AAMRI calls to keep jobs in medical research safe

AAMRI calls to keep jobs in medical research safe

6th April, 2020

  • The Government’s much needed Jobkeeper program is unable to keep jobs in medical research institutes safe due to a one-size-fits all formula
  • Medical research institutes are at a disadvantage with the current formula used to work out eligibility
  • Research support staff are at risk

The Association of Australian Medical Research Institutes (AAMRI) welcomes the Government’s Jobkeeper Program, which will provide much relief to many sectors. However, it currently appears to unintentionally exclude medical research institutes, and this issue must be immediately addressed to ensure our scientists can continue their critical work.

The proposed Jobkeeper rules make sense for for-profit businesses, and now also has amended rules for not-for-profit organisations, however medical research institutes funding structures do not fit into either category.

Institutes receive about half their funding from government revenue, and the other half they make up with fundraising, philanthropy, commercialisation, contract research and other income sources. When the current formula is applied it doesn’t show the decrease of funds in medical research institutes due to the fixed government revenue – but the issue is the government revenue is tied to certain costs and inflexible in how they can be used.

“The current formula used to determine business eligibility does not adequately recognise that institutes receive significant, but tied, revenue from governments,” said AAMRI President Professor Jonathan Carapetis AM. “Government revenue, mainly in the form of research grants, cannot be used for the salary costs of highly skilled support staff, who are essential for medical research to be undertaken.”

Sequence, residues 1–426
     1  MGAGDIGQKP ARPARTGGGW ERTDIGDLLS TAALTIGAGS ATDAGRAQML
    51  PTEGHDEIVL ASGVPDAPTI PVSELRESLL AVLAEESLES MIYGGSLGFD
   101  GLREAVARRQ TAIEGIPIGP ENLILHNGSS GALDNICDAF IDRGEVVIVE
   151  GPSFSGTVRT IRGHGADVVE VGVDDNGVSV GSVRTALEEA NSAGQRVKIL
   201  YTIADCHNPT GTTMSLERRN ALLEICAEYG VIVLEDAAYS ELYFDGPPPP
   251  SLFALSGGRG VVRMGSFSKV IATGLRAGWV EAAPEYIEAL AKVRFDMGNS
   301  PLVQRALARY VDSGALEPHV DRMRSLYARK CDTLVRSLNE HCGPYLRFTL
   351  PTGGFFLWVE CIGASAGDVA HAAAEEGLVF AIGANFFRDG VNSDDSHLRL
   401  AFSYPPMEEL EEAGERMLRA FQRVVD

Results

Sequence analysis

Research grants in Australia do not pay for the full costs of conducting research, so fundraising is necessary even to cover basic research costs.

“We are set up to usually try and plug these funding gaps and to allow funds for the support costs of research, but this is not business as usual. In some cases, we’re already seeing more than a 30% drop off in fundraising in our institutes, which is a lifeline to many of us.”

“Without the gap funding and our support staff the wheels fall off and our day to day research can’t function. If we do not preserve our medical research capacity during this extraordinary time, then the entire sector, and with it our capacity to discover new treatments, diagnostics and vaccines, is at peril,” said Professor Carapetis.

AAMRI welcomes the reduction for the criteria to be 15% of turnover for charities, rather than the previously announced 30%. But this needs to exclude government medical research contracts and have a greater focus on income in areas like fundraising and philanthropy.